Thanks once again go to Monika, who sent over her review for Nalini Singh‘s latest Rock Kiss book, Rock Wedding. I loved me some Rock Hard – that was a total winner for me. Couldn’t get enough of Charlie and T-Rex. I was meh about picking up Noah and Kit’s story until I started reading, and then I really enjoyed it. But for some reason right from the start I haven’t been all that interested in Abe and Sarah’s story, and I didn’t know quite why. But from what Monika said, I might not be alone…
What Monika said…
Too much… of everything (especially shirts, swearing, sweetness and weddings)
I’ve read almost everything Nalini Singh has ever written and loved all of it (some more and some a bit less), so it pains me to write a less than stellar review and rate one of her books only 3 stars.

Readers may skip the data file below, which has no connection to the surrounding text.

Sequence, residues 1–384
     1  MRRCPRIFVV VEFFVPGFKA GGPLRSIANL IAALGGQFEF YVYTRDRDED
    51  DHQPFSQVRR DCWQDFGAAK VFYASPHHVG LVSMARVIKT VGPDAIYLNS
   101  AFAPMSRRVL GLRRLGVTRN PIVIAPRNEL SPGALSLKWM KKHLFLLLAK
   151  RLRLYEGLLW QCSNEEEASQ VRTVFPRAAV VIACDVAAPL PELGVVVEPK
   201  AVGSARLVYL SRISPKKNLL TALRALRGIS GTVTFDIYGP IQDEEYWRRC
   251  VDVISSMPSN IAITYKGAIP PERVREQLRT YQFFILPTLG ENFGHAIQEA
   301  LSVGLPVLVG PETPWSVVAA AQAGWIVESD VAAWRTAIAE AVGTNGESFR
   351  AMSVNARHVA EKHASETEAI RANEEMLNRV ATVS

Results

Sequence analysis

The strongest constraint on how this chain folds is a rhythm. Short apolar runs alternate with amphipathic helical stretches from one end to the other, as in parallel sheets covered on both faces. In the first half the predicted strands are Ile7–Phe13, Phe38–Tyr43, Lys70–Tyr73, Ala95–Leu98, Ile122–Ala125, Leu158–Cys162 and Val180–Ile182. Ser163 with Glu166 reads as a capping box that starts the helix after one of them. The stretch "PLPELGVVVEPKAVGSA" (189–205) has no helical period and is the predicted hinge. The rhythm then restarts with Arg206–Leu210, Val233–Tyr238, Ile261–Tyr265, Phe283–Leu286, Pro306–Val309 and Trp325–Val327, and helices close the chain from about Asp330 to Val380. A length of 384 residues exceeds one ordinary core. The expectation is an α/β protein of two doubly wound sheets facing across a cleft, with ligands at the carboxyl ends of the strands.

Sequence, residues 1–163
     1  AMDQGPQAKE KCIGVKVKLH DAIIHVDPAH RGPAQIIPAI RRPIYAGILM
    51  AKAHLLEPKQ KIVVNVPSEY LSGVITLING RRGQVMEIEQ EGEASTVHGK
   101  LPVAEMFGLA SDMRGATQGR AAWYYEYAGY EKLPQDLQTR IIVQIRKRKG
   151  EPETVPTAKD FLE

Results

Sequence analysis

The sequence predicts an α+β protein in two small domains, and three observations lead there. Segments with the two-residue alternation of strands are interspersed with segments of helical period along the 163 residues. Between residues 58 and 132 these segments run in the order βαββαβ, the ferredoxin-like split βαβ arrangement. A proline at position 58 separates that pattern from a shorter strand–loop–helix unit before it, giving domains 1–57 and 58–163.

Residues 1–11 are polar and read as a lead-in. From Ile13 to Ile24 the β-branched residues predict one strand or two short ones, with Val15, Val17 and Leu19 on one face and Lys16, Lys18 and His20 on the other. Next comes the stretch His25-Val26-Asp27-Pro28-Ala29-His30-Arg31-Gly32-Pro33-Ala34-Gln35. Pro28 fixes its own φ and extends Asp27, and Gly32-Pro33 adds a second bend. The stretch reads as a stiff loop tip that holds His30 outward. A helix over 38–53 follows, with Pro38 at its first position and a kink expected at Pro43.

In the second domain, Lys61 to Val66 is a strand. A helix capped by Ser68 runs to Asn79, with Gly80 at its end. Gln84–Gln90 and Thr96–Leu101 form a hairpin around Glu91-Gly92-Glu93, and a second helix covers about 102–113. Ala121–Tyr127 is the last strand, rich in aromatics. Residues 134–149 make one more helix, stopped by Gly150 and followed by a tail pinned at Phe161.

This was also the first Nalini Singh book I did not finish in a day or two, but which I had to force myself to continue reading, and I only plodded thru to the end because I needed to write a review.
But first things first: this is the fifth story in the Rock Kiss series, and it’s about Abe and Sarah, of whom we have seen glimpses in previous installments. Abe is the band’s keyboard player and sometime vocalist and he has serious abuse problems: drugs, drinks, and dimwitted groupies, he does it all. Sometime along the way he inexplicably falls in lust with Sarah, marries her, doesn’t change his habits and treats her like dirt, until finally she can’t take it anymore and divorces his ass (takes her long enough). Then, at the end of Rock Redemption, at the Zenith event, we see Sarah get slapped around by her new boyfriend. The band members rally behind her and Abe finally realizes that he is still very much in love with Sarah and finally decides to get his shit together and seeks help for his abuse problems. So, that’s were we stand at the beginning of this book.